1. EASE BACK INTO YOUR ROUTINE
During the last two weeks of holidays, re-introduce a bedtime routine and begin waking late sleepers earlier each day.
2. ORGANISE A SCHOOL CALENDAR
Getting back into a new school year can be quite hectic at times. Create a calendar which includes after school activities, sports and special events. Place this somewhere in your home where it is visible to the whole family.
3. DON'T LEAVE IT UNTIL THE LAST MINUTE
Organise your new stationary and uniform well in advance.
1. LABEL EVERYTHING
It is not uncommon for items to go missing at school or be misplaced, so by clearly labelling your child's lunch box, drink bottle, school bad they are more likely to find their way back to the rightful owner.
2. ENCOURAGE YOUR CHILD TO DO NEW THINGS
Before your child starts school encourage them to open their lunch box, open their drink bottle, dress themselves, go to the toilet by themselves and wash their hands. This will help prepare your child to become more independent and responsible.
3. GET TO KNOW THE SCHOOL
Visit the school website and take note of the important factors; when does school start and finish, uniform policies, tuckshop days and menus.
4. CONNECT WITH THE ONLINE COMMUNITY
More and more schools are using social media platforms to communicate important events, celebrations and messages. Visit and like the school's Facebook page and be kept up to date with all the latest news.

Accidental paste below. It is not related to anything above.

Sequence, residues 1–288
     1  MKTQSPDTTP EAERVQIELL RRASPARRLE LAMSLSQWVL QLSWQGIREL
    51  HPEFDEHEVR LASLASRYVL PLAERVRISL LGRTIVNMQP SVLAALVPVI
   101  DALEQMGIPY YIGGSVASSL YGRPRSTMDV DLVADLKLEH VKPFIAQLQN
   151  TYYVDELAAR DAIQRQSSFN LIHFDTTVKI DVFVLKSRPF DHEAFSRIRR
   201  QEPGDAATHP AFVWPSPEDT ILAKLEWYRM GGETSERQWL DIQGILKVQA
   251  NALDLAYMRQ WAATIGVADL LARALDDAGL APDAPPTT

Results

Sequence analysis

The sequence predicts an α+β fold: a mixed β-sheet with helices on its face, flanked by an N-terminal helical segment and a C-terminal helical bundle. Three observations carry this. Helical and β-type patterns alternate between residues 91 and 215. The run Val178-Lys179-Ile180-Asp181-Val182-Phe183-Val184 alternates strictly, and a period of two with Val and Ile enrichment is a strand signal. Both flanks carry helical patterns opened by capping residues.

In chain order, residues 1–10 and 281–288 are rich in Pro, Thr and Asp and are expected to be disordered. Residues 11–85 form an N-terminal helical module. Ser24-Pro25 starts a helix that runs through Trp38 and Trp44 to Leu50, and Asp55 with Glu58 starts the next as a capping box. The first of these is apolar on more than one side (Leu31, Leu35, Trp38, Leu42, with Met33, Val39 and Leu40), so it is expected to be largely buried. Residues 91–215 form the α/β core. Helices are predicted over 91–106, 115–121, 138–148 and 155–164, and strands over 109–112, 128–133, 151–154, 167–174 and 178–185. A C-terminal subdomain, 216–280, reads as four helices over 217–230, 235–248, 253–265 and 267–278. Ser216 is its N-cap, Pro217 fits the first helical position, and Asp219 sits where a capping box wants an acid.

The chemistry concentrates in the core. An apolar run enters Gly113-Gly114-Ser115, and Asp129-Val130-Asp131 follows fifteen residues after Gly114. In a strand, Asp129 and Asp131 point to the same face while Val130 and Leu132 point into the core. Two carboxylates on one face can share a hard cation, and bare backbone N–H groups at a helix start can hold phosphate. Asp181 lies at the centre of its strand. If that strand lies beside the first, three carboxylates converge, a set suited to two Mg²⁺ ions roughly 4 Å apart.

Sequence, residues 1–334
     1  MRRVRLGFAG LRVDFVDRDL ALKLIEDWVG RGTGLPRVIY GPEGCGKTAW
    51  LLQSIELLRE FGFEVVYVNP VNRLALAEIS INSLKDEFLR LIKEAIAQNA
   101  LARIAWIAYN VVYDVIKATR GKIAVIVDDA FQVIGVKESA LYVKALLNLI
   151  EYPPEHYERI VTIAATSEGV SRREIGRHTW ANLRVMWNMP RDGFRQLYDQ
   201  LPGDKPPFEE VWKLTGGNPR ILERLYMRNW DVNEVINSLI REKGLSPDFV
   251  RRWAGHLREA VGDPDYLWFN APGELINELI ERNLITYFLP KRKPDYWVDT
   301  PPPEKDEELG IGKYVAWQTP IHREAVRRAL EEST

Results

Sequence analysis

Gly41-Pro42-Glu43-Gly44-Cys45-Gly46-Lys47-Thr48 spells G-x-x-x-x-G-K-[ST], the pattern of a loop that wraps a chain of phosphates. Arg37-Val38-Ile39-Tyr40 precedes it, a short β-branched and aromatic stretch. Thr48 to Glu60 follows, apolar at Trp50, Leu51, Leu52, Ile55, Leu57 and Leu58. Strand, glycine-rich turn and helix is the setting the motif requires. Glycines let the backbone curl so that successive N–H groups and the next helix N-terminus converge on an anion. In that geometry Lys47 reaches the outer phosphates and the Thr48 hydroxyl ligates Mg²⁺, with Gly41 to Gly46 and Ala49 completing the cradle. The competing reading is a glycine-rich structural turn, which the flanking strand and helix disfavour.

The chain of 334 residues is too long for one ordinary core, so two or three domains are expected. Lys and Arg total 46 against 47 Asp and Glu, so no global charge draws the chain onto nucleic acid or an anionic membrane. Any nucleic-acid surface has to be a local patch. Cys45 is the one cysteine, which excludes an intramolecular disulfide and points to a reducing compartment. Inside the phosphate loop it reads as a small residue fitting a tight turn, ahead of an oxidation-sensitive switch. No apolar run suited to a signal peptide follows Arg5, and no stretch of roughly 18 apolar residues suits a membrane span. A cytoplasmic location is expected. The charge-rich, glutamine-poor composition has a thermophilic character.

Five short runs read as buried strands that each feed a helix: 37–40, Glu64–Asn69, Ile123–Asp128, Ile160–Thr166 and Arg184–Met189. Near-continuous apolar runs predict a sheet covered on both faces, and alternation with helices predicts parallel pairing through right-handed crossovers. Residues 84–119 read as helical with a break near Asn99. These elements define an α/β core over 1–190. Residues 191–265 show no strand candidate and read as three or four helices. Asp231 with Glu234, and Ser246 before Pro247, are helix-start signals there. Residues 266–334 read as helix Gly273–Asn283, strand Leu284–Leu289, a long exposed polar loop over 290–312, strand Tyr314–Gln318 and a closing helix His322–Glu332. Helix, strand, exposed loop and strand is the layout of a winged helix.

5. TAKE A SCHOOL TOUR
Schools are more than happy to provide tours to take the edge off first-day nerves. If you are new to the school, take your child in for a tour to familiarise themselves with the school ground and get to know their classroom and drop off and pick up areas so that it is not too overwhelming on their first day.
6. GET ENOUGH ZZZ's
A good night's sleep is important for your child's growth and development. A bedtime routine is very important and will help your child wind down from the day. Children aged 6 to 9 years need 10-11 hours sleep a night, which makes 7.30pm an appropriate bedtime.
7. CREATE A ROUTINE CHART
Have a list of what you want your children to complete each morning. For example; get dressed, eat breakfast, brush your teeth, make your bed. This will save parents from having to repeat these activities daily and will help set a routine for your child.
8. LUNCHBOX PLANNER
Research some creative healthy lunchbox ideas (Pinterest is a great app for this) and have all the food required in the fridge or pantry to remove the stress of not knowing what to pack for lunch the next day.
1. OPEN COMMUNICATION
Talk about the change that your child will experience and ensure you ask them how their first day went and continue to ask this question each day.
2. ATTEND TRANSITION DAYS
Make sure your child attends the transition days that the school organises. It is a great opportunity for them to meet with teachers and familiarise themselves with the school grounds.
3. SCHOOL ROUTINE
Be familiar with timetables, start and finish times, so that your child knows that to expect from their school day.
4. STAY IN TOUCH
Read the school newsletters, attend parent-teacher interviews, like the school's social media page. The more informed you are, the more you are able to provide support.
5. BE POSITIVE AND ENTHUSIASTIC
Get your child excited about the upcoming events such as fundraisers, school camps and retreats as they are more likely to look forward to these events if you are being positive about it.
Ensure your children are aware that they can ask you for assistance with any questions they have. This shows that you are interested in what they are learning.
7. TRAVELLING TO SCHOOL
If your child rides their bike or catches the bus, go with them until they feel confident travelling on their own, or organise a travel buddy.
8. TALK IT OUT
Encourage your child to talk about their feelings and to use the support services available at the school.